9.2.1 Function Definition Syntax

It’s entirely fair to say that the awk syntax for local variable definitions is appallingly awful.

Brian Kernighan

Definitions of functions can appear anywhere between the rules of an awk program. Thus, the general form of an awk program is extended to include sequences of rules and user-defined function definitions. There is no need to put the definition of a function before all uses of the function. This is because awk reads the entire program before starting to execute any of it.

The definition of a function named name looks like this:

function name([parameter-list])

Here, name is the name of the function to define. A valid function name is like a valid variable name: a sequence of letters, digits, and underscores that doesn’t start with a digit. Here too, only the 52 upper- and lowercase English letters may be used in a function name. Within a single awk program, any particular name can only be used as a variable, array, or function.

parameter-list is an optional list of the function’s arguments and local variable names, separated by commas. When the function is called, the argument names are used to hold the argument values given in the call.

A function cannot have two parameters with the same name, nor may it have a parameter with the same name as the function itself.

CAUTION: According to the POSIX standard, function parameters cannot have the same name as one of the special predefined variables (see Predefined Variables), nor may a function parameter have the same name as another function.

Not all versions of awk enforce these restrictions. (d.c.) gawk always enforces the first restriction. With --posix (see Command-Line Options), it also enforces the second restriction.

Local variables act like the empty string if referenced where a string value is required, and like zero if referenced where a numeric value is required. This is the same as the behavior of regular variables that have never been assigned a value. (There is more to understand about local variables; see Functions and Their Effects on Variable Typing.)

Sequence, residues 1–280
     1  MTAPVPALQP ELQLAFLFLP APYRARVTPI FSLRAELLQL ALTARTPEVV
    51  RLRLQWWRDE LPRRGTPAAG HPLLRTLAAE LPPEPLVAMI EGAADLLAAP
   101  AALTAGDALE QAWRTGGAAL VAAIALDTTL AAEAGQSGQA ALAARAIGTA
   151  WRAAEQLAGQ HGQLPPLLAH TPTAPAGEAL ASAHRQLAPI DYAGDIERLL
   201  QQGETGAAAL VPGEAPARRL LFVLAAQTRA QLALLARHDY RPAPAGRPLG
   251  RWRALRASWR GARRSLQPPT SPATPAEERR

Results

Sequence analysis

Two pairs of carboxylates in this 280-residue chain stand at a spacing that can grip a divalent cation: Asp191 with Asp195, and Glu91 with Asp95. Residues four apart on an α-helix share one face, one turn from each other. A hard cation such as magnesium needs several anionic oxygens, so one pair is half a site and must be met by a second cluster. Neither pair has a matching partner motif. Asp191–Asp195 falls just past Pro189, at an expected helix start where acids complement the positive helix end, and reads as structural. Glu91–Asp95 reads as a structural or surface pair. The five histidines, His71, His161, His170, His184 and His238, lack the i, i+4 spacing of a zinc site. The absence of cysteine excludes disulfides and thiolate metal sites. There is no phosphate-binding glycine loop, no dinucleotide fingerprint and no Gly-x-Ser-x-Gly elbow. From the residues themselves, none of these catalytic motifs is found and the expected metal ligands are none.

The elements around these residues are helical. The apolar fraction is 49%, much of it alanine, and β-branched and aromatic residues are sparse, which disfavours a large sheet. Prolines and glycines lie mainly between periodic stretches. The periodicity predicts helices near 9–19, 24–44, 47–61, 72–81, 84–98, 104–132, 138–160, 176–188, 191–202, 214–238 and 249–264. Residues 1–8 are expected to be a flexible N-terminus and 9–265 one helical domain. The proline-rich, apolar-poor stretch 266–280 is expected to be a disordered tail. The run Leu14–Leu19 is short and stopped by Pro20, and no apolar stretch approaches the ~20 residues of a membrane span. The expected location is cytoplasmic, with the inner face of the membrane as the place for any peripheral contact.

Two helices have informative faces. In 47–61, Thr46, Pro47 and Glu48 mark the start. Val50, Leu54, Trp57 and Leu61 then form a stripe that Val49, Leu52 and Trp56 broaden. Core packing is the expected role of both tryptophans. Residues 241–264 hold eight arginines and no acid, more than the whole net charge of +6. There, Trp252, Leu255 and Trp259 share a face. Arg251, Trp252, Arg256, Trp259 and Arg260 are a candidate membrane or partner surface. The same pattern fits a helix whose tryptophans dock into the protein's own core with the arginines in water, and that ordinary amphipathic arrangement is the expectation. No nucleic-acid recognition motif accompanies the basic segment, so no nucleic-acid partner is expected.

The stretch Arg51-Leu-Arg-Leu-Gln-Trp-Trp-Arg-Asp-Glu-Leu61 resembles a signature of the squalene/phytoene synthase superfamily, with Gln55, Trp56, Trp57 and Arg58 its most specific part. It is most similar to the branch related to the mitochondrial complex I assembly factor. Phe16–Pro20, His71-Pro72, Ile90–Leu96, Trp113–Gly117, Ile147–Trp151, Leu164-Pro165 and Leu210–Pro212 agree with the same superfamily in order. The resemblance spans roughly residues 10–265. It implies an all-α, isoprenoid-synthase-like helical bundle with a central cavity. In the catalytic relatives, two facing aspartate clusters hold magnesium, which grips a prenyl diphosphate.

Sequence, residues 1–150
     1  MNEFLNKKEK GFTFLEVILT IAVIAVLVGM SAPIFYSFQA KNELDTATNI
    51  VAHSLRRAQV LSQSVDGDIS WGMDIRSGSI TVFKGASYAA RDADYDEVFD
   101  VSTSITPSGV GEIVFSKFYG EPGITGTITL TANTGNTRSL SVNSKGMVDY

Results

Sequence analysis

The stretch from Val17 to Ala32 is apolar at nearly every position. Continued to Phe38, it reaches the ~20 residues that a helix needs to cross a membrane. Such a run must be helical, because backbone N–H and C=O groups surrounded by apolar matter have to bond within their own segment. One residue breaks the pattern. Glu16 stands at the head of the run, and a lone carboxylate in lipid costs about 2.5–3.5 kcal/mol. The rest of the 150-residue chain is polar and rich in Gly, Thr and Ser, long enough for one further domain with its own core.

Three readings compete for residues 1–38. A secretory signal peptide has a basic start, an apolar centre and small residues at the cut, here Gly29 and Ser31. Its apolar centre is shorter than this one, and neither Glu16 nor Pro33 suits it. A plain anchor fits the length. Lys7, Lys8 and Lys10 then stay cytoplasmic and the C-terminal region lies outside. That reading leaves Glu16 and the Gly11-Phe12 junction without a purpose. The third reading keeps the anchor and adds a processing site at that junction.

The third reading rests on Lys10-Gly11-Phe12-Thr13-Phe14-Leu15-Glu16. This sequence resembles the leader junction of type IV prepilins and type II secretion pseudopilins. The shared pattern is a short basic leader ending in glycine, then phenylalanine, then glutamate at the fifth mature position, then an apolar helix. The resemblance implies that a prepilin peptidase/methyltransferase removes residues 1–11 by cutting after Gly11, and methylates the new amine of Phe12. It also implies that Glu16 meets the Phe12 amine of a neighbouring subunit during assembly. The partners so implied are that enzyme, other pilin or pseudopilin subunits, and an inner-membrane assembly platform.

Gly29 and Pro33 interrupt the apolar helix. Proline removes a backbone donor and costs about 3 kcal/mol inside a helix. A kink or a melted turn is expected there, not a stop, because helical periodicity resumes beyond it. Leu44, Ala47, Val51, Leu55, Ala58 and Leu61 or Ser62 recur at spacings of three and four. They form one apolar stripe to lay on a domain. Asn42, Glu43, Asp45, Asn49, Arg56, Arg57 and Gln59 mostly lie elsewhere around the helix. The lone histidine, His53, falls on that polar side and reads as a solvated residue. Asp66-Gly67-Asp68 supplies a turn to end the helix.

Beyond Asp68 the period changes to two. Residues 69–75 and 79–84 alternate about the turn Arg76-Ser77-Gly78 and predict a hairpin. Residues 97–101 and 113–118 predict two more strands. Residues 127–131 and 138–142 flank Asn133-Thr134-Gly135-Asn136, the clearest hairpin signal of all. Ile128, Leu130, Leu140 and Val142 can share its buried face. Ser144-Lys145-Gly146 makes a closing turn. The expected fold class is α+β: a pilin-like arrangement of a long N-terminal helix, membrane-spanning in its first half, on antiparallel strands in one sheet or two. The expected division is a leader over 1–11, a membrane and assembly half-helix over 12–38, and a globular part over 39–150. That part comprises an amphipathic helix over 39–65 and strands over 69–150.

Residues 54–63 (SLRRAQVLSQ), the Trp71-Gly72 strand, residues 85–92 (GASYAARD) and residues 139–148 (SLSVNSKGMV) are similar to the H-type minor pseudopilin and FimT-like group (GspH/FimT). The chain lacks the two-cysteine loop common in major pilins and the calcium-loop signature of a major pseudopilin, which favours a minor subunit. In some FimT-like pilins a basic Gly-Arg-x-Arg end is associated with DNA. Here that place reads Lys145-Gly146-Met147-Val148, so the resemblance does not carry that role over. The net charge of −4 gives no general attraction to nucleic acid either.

The body-of-function consists of awk statements. It is the most important part of the definition, because it says what the function should actually do. The argument names exist to give the body a way to talk about the arguments; local variables exist to give the body places to keep temporary values.

Argument names are not distinguished syntactically from local variable names. Instead, the number of arguments supplied when the function is called determines how many argument variables there are. Thus, if three argument values are given, the first three names in parameter-list are arguments and the rest are local variables.

It follows that if the number of arguments is not the same in all calls to the function, some of the names in parameter-list may be arguments on some occasions and local variables on others. Another way to think of this is that omitted arguments default to the null string.

Usually when you write a function, you know how many names you intend to use for arguments and how many you intend to use as local variables. It is conventional to place some extra space between the arguments and the local variables, in order to document how your function is supposed to be used.

During execution of the function body, the arguments and local variable values hide, or shadow, any variables of the same names used in the rest of the program. The shadowed variables are not accessible in the function definition, because there is no way to name them while their names have been taken away for the arguments and local variables. All other variables used in the awk program can be referenced or set normally in the function’s body.

The arguments and local variables last only as long as the function body is executing. Once the body finishes, you can once again access the variables that were shadowed while the function was running.

The function body can contain expressions that call functions. They can even call this function, either directly or by way of another function. When this happens, we say the function is recursive. The act of a function calling itself is called recursion.

All the built-in functions return a value to their caller. User-defined functions can do so also, using the return statement, which is described in detail in The return Statement. Many of the subsequent examples in this section use the return statement.

In many awk implementations, including gawk, the keyword function may be abbreviated func. (c.e.) However, POSIX only specifies the use of the keyword function. This actually has some practical implications. If gawk is in POSIX-compatibility mode (see Command-Line Options), then the following statement does not define a function:

func foo() { a = sqrt($1) ; print a }

Instead, it defines a rule that, for each record, concatenates the value of the variable ‘func’ with the return value of the function ‘foo’. If the resulting string is non-null, the action is executed. This is probably not what is desired. (awk accepts this input as syntactically valid, because functions may be used before they are defined in awk programs.64)

To ensure that your awk programs are portable, always use the keyword function when defining a function.



This program won’t actually run, because foo() is undefined.